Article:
Any videogame that aims to represent the things we can do with our bodies (i.e. attain realism) has to bring in some kind of abstraction to make it look or feel familiar. Take, for example, the Assassin’s Creed games, in which combat isn’t really meant to be realistic as much as it’s supposed to capture the frenetic fights of action movies—full of brutal sound effects and finishing moves with sweeping cameras.
Likewise, there is Chivalry: Medieval Warfare (2012), one of the few games with first-person sword fighting, whose goal is to provide a robust and competitive multiplayer arena. As in a lot of multiplayer games, players have developed their own meta game, with exploits and strategies you wouldn’t find anywhere else. Super jumps and weird timing tricks aren’t particularly common in real-life fencing.
Aiming in a totally different direction is Duello. It’s a new game that wants to tackle historical fencing with a “realistic” approach. Its wig-clad protagonists are dressed in brightly-colored versions of 18th-century garb and carry pointy rapiers that you can waggle about with the right analog stick. It’s just in the earliest of alphas for now, but you and a friend can duke it out in split screen.
A realistic first-person fencing game has to be able to let you look for openings in your opponent’s defense, it has to let you take distance back and forth and trick your opponent into thinking you’ve made a mistake. Modern fencing, at least, can be an incredibly fast sport—which is part of why it works so poor on television.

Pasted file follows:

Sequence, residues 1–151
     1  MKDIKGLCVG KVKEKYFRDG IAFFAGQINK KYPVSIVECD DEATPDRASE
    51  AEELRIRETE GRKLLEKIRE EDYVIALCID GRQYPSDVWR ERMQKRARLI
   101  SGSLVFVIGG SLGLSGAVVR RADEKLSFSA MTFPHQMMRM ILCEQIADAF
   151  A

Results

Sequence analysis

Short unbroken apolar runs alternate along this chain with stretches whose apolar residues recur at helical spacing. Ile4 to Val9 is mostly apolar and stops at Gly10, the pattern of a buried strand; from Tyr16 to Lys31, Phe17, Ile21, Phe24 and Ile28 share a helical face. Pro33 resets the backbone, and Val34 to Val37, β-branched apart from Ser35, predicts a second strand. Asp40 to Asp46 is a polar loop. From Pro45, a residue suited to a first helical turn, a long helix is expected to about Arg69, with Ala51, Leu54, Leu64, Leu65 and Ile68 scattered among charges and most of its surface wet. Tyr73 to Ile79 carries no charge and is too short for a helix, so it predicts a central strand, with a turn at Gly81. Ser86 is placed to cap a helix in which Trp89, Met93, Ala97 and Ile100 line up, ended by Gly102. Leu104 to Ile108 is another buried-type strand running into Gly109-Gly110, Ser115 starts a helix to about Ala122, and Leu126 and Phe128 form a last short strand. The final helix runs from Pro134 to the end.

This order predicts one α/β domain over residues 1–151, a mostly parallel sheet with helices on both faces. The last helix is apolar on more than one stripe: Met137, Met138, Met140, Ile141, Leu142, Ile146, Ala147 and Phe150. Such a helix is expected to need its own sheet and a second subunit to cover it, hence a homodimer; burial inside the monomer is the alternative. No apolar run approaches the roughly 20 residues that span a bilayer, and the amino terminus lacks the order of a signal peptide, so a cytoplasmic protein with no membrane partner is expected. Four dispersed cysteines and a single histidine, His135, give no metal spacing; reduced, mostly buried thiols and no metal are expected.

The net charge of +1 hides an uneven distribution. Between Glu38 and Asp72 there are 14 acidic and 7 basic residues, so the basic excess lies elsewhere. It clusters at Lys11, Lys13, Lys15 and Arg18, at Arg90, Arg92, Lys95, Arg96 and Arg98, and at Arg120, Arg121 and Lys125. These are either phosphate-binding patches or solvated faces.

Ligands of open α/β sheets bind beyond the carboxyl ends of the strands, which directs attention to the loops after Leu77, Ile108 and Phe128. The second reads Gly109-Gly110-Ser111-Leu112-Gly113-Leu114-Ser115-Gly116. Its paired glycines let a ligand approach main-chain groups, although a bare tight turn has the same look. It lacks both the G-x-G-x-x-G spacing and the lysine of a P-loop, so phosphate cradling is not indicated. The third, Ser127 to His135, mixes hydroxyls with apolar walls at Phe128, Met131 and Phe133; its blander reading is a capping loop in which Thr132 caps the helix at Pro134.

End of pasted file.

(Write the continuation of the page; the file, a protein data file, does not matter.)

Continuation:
At the moment, Duello’s QWOP-like goofiness of movement gives it an earnest charm. You can advance and retreat jerkily back and forth, or swing your arm around, or hop straight into the air to get that surprise edge. It’s physics-based, so bodies and blades bounce off each other comically, and if you’re not careful you might trip and have to pick yourself up off the ground. This humor is accented by the self-serious blood-red text that splashes across the screen when one player stabs her opponent enough: “Player 2 is dead, honor has been satisfied.”
While a difficult undertaking, a realistic fencing game definitely isn’t impossible—Nidhogg (2014) actually does a pretty good job of forcing the give-and-take of space and the timing plays of sport fencing in a 2D game. It does also have dive kicks and man-eating dragons, though, so I’ll be excited to watch how Duello chooses to abstract the sport into its historical premise as development progresses.
You can buy into Duello’s early alpha over on itch.io.